Moose (quad) can't play vs. KC; Strop to IL

Reds recall VanMeter; Lorenzen staying positive

August 12th, 2020

CINCINNATI -- Reds second baseman would have loved a chance to face the former club he’s most associated with -- the Royals -- this week in a two-game series. But that will have to wait, as Moustakas continues to heal from a right quadriceps bruise and strain that have him on the 10-day injured list.

“I was trying to get ready to play today, did everything possible I could,” Moustakas said Tuesday, ahead of Cincinnati's 6-5, 10-inning walk-off win over Kansas City. “And it just wasn’t going to happen. I just wasn’t able. I have not run yet. I haven’t seen any pitching since I was out of the lineup. But I think as soon as these 10 days are up, I’m going be ready to go.”

Moustakas went on the IL on Sunday, retroactive to Aug. 5, after he had to leave the previous day’s game vs. Cleveland in the fifth inning. But he was injured during Cincinnati's previous series with Detroit.

“I ended up trying to go up the middle for a line drive one-hopper, and my foot got kind of caught in the ground and kind of slid out from underneath me,” Moustakas explained. “I didn’t think anything of it. I just kept playing. Then the next day, I came in and was a little sore but not anything too much. I kept playing. And then a couple of days later, I just couldn’t move my leg anymore.

“I was pretty much non-competitive out there. Especially the season right now when we’ve got 60 games, we’ve got to be out there competing every single pitch, and I wasn’t able to do that.”

Aside from the ability to work out at Great American Ball Park, Moustakas can also make use of the alternate training site at Prasco Park. It’s possible he could get swings in simulated games at both places.

“Hopefully, he’s even ready a day or two before [Sunday], and we will have made the wrong decision by a day or two,” Reds manager David Bell said. “That would be a good thing. We’ll be sure that he’s 100 percent ready and it won’t reoccur, which can happen with any injury.”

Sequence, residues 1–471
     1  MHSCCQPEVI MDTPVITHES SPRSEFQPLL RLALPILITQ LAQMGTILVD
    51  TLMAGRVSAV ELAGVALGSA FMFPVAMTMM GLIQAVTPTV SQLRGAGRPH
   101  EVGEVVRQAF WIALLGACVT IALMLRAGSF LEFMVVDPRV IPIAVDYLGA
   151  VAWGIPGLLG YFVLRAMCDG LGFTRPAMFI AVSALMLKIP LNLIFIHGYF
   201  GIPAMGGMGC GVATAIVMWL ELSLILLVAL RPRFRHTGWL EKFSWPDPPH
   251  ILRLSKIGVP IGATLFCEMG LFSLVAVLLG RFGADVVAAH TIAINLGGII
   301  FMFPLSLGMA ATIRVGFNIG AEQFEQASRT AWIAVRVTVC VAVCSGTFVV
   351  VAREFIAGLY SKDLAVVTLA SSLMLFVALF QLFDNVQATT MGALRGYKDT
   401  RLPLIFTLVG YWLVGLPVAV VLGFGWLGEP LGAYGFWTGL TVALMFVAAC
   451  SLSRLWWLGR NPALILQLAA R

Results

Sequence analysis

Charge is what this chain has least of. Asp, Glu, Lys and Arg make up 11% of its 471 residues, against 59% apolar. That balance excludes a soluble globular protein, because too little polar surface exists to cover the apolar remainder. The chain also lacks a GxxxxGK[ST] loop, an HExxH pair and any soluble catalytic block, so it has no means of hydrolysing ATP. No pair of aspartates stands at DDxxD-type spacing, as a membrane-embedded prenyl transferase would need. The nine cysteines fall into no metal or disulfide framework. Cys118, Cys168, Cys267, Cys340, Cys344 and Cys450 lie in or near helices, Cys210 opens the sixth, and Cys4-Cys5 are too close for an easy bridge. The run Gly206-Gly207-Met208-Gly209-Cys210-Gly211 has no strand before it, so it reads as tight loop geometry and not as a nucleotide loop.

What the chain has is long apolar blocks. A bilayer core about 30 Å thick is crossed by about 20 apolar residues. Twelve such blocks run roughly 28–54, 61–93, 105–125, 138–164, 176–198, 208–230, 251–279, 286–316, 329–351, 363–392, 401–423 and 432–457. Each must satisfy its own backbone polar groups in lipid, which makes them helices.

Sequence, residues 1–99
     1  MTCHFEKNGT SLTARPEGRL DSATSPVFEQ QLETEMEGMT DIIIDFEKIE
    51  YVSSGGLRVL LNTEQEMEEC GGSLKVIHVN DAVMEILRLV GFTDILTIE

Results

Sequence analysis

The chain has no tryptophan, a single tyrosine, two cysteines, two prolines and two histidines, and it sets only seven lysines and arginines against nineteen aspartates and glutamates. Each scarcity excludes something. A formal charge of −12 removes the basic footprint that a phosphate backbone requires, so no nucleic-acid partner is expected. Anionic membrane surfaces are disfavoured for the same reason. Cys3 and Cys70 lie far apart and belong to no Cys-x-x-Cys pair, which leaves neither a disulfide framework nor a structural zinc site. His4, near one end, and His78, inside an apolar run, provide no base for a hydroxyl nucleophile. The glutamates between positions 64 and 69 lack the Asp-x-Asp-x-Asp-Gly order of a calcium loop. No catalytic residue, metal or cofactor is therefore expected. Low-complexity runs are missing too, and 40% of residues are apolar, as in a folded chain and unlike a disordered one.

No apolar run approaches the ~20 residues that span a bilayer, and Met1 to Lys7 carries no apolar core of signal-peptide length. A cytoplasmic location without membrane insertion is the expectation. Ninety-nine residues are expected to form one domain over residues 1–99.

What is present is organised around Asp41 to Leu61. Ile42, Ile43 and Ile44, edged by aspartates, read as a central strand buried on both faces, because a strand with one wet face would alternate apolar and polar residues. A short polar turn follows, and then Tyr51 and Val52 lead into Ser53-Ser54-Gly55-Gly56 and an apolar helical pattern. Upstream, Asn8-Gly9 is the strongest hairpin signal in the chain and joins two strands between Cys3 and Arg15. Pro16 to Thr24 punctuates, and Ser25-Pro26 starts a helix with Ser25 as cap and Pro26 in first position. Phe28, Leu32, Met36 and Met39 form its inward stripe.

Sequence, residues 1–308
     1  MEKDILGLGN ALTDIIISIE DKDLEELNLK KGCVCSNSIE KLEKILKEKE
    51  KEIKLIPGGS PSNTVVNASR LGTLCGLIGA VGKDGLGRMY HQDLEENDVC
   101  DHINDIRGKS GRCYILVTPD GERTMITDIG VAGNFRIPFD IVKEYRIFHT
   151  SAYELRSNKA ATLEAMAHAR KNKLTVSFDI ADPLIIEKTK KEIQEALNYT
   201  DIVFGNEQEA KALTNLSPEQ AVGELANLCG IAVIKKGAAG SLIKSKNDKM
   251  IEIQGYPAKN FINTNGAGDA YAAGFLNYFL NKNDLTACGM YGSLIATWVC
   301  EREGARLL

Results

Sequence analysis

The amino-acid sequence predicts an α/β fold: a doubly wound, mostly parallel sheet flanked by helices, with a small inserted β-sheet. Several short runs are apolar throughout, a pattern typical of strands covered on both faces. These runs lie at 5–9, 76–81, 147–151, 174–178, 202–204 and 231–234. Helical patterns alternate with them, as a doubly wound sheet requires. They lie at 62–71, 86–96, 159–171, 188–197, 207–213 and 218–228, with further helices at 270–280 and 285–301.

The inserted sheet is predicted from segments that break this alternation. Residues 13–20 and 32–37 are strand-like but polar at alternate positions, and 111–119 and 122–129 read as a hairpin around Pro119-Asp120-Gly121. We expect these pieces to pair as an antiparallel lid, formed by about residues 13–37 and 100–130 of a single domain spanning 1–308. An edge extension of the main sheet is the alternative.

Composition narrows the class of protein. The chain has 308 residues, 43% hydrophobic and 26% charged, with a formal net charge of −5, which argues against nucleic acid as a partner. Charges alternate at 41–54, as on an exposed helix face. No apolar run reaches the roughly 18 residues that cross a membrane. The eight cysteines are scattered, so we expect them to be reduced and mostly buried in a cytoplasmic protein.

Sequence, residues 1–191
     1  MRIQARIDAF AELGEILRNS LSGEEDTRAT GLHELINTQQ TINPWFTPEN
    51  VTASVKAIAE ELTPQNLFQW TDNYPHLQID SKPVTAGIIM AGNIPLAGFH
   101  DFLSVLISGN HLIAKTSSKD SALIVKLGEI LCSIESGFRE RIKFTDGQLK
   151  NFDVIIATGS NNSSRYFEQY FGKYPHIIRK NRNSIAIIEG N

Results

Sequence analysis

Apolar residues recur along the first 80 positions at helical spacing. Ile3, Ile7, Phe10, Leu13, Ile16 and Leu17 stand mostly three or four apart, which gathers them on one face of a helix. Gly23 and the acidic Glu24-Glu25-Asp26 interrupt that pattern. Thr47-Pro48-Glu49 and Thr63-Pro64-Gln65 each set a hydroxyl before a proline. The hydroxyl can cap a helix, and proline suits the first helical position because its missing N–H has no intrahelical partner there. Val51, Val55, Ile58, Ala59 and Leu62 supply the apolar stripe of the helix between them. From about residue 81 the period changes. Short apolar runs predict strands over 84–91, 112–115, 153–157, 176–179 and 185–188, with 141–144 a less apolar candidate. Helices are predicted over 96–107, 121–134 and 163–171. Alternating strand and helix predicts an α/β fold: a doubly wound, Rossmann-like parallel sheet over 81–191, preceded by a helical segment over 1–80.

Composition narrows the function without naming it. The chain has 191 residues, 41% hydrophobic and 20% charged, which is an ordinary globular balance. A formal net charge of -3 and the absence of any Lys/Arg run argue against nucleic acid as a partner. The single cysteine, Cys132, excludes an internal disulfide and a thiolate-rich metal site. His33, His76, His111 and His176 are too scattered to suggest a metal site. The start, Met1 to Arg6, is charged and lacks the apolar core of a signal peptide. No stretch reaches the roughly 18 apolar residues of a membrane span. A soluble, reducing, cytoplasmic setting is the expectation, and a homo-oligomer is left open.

Strop placed on IL
The Reds placed reliever on the 10-day IL on Tuesday with a right groin strain, and they recalled infielder/outfielder from Prasco Park. Like Moustakas, Strop was injured during the Aug. 4 game at Cleveland, but the club chose to wait before making a roster move.

“I haven't heard anything too much different to make me believe that there would be anything before the 10-day IL,” Bell said. “You can go back three days, so I don't think we really lost any time by waiting until today.”

Strop, who signed a one-year, $1.825 million contract with Cincinnati on Feb. 5 that will be prorated this season, has a 3.86 ERA in four appearances with three runs (one earned) allowed with one hit, six walks and three strikeouts over 2 1/3 innings.

VanMeter, 25, made the Opening Day roster but was 0-for-14 with two walks in seven games before he was optioned out on Aug. 6. Able to play second base in Moustakas’ absence, among other spots, he batted .237 with eight homers in 95 games as a rookie last season. On Tuesday, he entered the game as a pinch-hitter in the sixth inning and went 0-for-2.

Lorenzen looking for positives
The rough appearances have piled up on Reds reliever , but he is determined to ride it out and find his way back to success. In seven games entering Tuesday night, Lorenzen has a 16.88 ERA with 10 earned runs, nine hits, five walks and three home runs allowed through 5 1/3 innings. He’s retired the first batter he has faced twice.

On Sunday, Lorenzen didn’t retire any of his four batters, and he allowed a hit and three walks. Three earned runs were charged to him, with two inherited runners going on starter Sonny Gray’s ledger.

“It's a growing process, so really, there's a couple things I'm learning,” Lorenzen said Tuesday. “It's learning when you keep getting punched in the face -- you've just got to keep moving forward and keep going forward, and then there's always positives to take away from it.

“It's no secret how hard I work, so it's not like this is intentional or anything like that -- but the positives that I can't take from it as I'm constantly learning more and more about who I am as a pitcher, who I am as a person and the quicker I can confirm who I am on the mound, the quicker I'm able to be a consistently good pitcher in the Major Leagues.”

Lorenzen feels like he needs to keep attacking hitters in the strike zone.

“That was my recipe the year before,” he said. “And it's worked out so far, so why would I change, you know, after a week of something that wasn't working? ... I have zero doubt in my mind that, you know, it's upward from here.”